The current nominating system of presidential candidates is widely viewed as anachronistic and bizarre. That the nation allows Iowa (the first caucus in the process) and New Hampshire (the first primary) to weed the race down to two or three finishers is not the only oddity. In recent years, we’ve also left it up to the extremists in South Carolina (remember Bush’s visit to Bob Jones University?) to finish the job.

Not too long ago, Tennessee joined other Southern states in the so-called “Super Tuesday” primary, which was an attempt by conservative/moderate Democrats in Tennessee and nearby states to stomp out the party’s more liberal elements. But a number of other states have now moved their nominating events well before Super Tuesday, which makes that day’s primaries, Tennessee’s included, pretty well irrelevant.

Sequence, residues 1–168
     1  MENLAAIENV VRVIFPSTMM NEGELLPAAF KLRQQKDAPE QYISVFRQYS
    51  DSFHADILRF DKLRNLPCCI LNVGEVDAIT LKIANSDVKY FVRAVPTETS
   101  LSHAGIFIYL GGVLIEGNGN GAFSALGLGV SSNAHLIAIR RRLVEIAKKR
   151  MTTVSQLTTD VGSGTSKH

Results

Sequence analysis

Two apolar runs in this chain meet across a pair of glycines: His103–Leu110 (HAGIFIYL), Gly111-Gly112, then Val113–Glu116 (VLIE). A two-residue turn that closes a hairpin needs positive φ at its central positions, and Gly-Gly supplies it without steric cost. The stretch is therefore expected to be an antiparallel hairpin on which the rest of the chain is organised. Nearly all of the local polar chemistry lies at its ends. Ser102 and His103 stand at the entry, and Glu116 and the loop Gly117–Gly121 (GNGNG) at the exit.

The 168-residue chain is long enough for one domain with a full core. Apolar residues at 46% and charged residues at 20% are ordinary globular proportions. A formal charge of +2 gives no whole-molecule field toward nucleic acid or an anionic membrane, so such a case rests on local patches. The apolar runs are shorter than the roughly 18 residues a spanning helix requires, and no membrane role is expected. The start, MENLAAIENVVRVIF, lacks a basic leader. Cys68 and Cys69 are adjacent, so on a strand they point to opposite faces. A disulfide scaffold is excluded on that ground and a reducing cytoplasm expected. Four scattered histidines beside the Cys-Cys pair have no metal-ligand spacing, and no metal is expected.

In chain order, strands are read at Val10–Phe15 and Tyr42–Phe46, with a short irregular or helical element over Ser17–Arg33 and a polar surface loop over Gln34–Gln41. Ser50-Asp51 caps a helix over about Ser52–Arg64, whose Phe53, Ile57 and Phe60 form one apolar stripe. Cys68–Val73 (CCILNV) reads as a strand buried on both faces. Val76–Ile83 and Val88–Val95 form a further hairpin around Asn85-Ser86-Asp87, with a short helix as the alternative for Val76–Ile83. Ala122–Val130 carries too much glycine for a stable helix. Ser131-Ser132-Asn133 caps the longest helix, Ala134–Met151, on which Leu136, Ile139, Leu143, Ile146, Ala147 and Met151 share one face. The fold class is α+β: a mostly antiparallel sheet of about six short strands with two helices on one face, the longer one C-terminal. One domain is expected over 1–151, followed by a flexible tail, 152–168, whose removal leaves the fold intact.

What may happen is that Tennessee simply scraps its primary and adopts some sort of caucus system to select its convention delegates. In the long run, however, Tennessee would be wise to get behind the idea of a national primary.

Not too long ago, Tennessee joined other Southern states in the so-called “Super Tuesday” primary, which was an attempt by conservative/moderate Democrats in Tennessee and nearby states to stomp out the party’s more liberal elements. But a number of other states have now moved their nominating events well before Super Tuesday, which makes that day’s primaries, Tennessee’s included, pretty well irrelevant.

What may happen is that Tennessee simply scraps its primary and adopts some sort of caucus system to select its convention delegates. In the long run, however, Tennessee would be wise to get behind the idea of a national primary.

Comments

Subscribe to this thread:

Add a comment

Recent Comments

Sign Up! For the Scene's email newsletters





* required

All contents © 1995-2015 City Press LLC, 210 12th Ave. S., Ste. 100, Nashville, TN 37203. (615) 244-7989.
All rights reserved. No part of this service may be reproduced in any form without the express written permission of City Press LLC,
except that an individual may download and/or forward articles via email to a reasonable number of recipients for personal, non-commercial purposes.
Powered by Foundation